Getting Started with Ruby on Rails on Flightcontrol
This tutorial takes you through the process of deploying a Ruby on Rails web application to Amazon Web Services (AWS) with Flightcontrol. If you don't have a Rails application to deploy yet, you can visit our Create a Rails Application guide.
At the end of the tutorial, you will have a Rails web application running on AWS, and you will have learned how to use Flightcontrol to deploy your own Rails applications.
Important Database Note
You can't use SQLite as your database with Flightcontrol, because it's not supported on Amazon's Relational Database Service (RDS). It's a good idea to use the same database for local development and cloud deployment, so we recommend using Postgres (or MySQL or MariaDB) for both.
Using your GitHub Repository
Flightcontrol works with GitHub repositories to deploy your code base.
Your repository can be either private or public for Flightcontrol to work. If you have control over the repository, Flightcontrol can listen for changes to your repository and automatically deploy your application when you push new code. Public open source repositories are also supported, but you would need to trigger manual deployments.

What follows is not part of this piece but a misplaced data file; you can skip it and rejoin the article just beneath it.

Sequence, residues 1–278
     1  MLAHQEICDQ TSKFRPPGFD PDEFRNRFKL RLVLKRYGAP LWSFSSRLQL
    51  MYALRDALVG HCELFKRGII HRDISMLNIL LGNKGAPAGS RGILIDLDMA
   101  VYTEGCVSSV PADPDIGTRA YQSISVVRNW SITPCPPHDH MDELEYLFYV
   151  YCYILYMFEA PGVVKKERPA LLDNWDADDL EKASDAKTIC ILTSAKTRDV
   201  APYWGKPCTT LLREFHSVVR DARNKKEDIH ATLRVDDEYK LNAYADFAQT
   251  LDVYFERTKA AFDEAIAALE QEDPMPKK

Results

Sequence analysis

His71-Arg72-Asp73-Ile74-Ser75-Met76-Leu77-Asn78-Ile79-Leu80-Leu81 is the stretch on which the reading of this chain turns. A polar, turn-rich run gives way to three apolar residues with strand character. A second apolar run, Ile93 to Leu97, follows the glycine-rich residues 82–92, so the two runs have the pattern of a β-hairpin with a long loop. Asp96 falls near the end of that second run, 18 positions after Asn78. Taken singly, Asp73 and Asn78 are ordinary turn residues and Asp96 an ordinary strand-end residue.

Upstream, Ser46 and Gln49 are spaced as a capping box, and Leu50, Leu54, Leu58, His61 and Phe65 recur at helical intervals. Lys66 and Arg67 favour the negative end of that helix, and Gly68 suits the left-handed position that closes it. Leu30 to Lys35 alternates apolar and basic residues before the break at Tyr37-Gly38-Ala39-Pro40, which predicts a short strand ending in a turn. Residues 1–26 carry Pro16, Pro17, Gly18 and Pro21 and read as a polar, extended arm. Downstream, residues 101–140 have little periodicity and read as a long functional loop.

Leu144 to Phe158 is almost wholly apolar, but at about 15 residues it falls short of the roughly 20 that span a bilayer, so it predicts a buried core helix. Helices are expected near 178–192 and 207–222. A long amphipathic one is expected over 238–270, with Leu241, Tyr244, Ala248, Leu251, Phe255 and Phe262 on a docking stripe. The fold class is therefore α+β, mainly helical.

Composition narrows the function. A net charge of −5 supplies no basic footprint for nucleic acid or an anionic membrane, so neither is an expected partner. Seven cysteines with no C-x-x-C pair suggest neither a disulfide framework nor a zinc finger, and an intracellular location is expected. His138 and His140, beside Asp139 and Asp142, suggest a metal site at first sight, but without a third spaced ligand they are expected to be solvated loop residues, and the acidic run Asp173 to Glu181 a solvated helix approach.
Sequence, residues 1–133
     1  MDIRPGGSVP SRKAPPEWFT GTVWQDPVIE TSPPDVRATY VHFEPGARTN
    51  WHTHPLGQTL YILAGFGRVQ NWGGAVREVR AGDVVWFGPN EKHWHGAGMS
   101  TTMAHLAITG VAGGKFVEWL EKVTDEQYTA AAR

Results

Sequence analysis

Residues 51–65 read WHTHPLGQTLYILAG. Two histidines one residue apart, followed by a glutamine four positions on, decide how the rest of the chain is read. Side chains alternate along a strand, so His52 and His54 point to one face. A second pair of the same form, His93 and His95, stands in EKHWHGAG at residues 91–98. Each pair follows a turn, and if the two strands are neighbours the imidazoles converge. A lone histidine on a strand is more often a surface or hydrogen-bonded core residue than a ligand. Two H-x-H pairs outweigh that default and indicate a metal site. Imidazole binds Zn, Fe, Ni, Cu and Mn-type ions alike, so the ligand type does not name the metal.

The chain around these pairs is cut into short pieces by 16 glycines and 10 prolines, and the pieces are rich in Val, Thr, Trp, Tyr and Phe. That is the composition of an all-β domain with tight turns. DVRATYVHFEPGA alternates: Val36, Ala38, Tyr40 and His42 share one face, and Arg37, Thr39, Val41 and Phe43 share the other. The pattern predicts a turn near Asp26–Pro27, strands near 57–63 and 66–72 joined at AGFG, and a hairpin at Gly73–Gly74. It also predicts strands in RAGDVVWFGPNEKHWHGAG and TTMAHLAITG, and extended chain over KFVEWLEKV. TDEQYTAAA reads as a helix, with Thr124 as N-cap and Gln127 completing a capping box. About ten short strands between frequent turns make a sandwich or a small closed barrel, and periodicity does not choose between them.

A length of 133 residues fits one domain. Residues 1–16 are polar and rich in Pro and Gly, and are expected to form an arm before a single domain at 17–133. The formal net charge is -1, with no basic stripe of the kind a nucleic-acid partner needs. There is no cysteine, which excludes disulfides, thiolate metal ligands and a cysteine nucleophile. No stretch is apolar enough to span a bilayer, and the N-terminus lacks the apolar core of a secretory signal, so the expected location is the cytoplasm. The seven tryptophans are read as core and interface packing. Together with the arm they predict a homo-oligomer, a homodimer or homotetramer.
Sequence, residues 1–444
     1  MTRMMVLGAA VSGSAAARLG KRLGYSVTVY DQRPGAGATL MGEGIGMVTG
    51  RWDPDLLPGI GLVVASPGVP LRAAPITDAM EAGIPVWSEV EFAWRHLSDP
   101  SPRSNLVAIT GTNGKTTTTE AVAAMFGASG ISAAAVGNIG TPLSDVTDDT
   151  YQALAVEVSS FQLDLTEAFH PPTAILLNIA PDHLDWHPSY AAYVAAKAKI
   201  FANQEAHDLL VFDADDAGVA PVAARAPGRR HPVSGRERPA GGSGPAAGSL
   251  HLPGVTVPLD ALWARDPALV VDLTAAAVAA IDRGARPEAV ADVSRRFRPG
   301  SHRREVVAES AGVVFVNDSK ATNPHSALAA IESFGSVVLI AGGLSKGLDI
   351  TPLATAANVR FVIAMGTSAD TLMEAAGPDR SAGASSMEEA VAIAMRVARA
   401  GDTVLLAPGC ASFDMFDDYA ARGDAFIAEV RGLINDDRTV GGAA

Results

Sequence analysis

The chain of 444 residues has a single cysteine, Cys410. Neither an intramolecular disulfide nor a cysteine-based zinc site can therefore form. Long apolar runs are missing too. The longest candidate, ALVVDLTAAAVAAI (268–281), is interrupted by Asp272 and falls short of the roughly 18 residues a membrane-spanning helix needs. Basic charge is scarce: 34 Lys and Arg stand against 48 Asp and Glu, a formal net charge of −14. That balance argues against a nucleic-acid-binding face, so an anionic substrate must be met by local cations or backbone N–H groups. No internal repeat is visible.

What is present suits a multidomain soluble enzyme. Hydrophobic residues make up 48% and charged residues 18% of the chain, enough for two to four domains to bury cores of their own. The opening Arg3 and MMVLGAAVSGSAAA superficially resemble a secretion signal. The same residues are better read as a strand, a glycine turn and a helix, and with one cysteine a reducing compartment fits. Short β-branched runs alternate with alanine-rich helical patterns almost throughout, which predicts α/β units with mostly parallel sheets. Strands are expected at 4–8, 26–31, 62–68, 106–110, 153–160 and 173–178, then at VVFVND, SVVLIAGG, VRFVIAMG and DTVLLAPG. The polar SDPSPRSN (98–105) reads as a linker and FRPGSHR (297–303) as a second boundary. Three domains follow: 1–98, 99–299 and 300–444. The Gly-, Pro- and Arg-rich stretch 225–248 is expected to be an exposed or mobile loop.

We will need to authorize the Flightcontrol GitHub app to access this repository before we can deploy it.
Creating a Project on Flightcontrol
If you haven't already created a Flightcontrol account, you can do so at the Flightcontrol Dashboard (opens in a new tab).
Now that you have a Flightcontrol account, you can create a new project. Flightcontrol projects represent a single application or set of related applications that you want to deploy to AWS. Each project can have multiple environments, such as staging or production. Each environment can then have one or more services, such as a web application or a database.